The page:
Winter storm buries ranchers

A worker with airport operations tries to navigate white-out conditions at Denver International Airport. Dec. 20, 2006.

KAI RYSSDAL: The second blizzard in as many weeks has residents in the central plains states still digging themselves out today. Ranchers in the region are scrambling. The last big snow six years ago killed 30,000 farm animals and cost almost $30 million.

John Stulp owns a cattle ranch in Southeastern Colorado. We caught up with him on his cell phone earlier today as he was out trying to find some of his herd.


JOHN STULP: Well, I'm on . . . in a John Deer tractor with a dozer blade on it trying to push snow out of the way so we can get to some cattle and make sure they have some feed and some water.

RYSSDAL: How many cattle do you have, Mr. Stulp, and how long have you been trying to get to them?

STULP: Well I tell ya, in a snowstorm like this, afterwards we've got too many it seems like. But we have about 200 mother cows and some bulls and a few other yearling.

RYSSDAL: How long have you been trying to get to them?

STULP: Well, ah see, this is our fourth day that we're trying to get — we've got about three-fourths of our cattle, they're in good shape and we got feed and water to them. And we just have two other bunches to get to today. And the weather's cooperating at least — we've had clear, beautiful weather the last couple of days.

RYSSDAL: But they haven't been fed in four days, these mother cows and calves.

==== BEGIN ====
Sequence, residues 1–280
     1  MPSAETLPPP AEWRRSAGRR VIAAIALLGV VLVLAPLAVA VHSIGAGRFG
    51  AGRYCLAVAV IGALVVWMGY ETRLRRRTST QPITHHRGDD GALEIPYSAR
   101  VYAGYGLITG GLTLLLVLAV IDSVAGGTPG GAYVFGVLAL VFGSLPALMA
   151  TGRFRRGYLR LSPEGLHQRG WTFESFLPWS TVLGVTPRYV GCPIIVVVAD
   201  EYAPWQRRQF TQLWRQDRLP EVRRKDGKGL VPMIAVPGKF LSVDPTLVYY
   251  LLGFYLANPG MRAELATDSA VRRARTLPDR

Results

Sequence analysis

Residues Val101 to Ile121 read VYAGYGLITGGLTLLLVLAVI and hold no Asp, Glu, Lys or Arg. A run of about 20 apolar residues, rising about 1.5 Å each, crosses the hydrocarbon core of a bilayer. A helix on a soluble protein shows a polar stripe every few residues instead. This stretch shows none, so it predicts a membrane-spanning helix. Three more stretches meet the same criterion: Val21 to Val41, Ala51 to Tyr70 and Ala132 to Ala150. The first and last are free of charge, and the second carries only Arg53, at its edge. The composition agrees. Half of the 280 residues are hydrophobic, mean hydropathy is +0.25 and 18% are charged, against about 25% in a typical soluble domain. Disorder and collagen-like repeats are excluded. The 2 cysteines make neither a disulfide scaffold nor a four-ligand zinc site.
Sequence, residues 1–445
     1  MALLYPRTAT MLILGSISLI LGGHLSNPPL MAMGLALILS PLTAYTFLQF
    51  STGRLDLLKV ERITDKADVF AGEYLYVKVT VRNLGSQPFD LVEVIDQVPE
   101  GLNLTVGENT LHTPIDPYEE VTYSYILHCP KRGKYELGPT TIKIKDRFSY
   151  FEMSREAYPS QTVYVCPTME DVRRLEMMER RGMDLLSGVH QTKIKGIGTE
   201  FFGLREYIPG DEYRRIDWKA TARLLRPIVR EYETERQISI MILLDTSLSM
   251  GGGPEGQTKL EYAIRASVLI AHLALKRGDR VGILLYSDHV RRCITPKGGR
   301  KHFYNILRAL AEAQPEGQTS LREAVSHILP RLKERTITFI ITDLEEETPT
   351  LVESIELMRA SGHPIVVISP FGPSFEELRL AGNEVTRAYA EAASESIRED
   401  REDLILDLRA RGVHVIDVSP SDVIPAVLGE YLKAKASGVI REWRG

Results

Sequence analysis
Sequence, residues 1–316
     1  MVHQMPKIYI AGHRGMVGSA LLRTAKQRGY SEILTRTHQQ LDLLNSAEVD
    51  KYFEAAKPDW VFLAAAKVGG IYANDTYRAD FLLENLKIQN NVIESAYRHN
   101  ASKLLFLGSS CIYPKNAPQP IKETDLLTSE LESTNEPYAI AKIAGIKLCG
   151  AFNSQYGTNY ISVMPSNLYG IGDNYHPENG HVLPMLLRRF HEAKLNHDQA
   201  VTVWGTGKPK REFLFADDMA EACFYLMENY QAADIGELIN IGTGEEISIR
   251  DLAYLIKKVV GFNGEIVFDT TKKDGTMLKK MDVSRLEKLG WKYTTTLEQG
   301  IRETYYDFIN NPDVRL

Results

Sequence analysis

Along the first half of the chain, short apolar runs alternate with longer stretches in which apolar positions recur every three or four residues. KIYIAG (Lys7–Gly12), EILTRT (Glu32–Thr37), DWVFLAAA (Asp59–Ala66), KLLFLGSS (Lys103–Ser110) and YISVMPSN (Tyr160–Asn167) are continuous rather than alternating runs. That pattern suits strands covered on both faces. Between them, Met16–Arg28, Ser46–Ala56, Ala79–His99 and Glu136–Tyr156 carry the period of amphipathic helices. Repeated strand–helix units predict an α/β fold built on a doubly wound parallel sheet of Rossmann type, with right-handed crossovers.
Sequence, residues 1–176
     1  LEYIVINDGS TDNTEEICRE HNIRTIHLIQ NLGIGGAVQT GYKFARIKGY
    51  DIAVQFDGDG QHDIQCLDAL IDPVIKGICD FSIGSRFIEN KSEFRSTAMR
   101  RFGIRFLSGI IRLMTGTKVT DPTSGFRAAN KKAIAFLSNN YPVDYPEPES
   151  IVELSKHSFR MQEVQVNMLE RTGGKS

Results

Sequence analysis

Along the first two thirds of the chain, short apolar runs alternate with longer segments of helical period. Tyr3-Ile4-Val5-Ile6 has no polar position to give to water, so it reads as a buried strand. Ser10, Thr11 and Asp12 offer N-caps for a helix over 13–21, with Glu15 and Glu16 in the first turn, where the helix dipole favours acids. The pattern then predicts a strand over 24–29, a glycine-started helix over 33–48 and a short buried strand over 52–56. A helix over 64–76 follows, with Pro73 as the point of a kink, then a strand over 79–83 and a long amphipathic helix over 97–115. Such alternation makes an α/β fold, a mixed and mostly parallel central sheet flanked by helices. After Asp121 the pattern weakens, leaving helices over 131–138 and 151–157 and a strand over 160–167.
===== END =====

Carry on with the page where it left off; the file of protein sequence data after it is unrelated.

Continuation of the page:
STULP: That's right, they're having to fend for themselves with three foot of snow. It's hard to find anything. And most of the cattle were in pretty good shape so they can probably go a couple more days, and hopefully we'll be to them by then.

RYSSDAL: How much you figure it's gonna cost you when all's said and done, getting over this storm?

STULP: You know it's probably a little early to tell. It's gonna cost us a lot of extra feed costs this winter, 'cause with three feet of snow on we're gonna have to feed the rest of the winter. So only time's gonna tell how well we come out of this. It kinda depends on how quickly mother nature decides to melt the snow off.

RYSSDAL: What's the weather forecast?

STULP: Well the weather forecast is actually supposed to be nice, warming up in the 40s next couple of days. But there's another storm supposed to be in on Friday and Saturday, but it's not supposed to be near as big as this last one.

RYSSDAL: Now cattle are your main operation, is that right?

STULP: Cattle and dry-land wheat.

RYSSDAL: So you're a wheat farmer as well. There's gotta be some kinda blessing in this for you.

STULP: That's right, that's the silver lining. I guess the cowboy part of me's kinda frowning, but the wheat farmer part of me's smiling.

RYSSDAL:John Stulp in Southeastern Colorado. Thanks a lot for your time, sir.

STULP: Nice talking to you.

About the author

Kai Ryssdal is the host and senior editor of Marketplace, public radio’s program on business and the economy.

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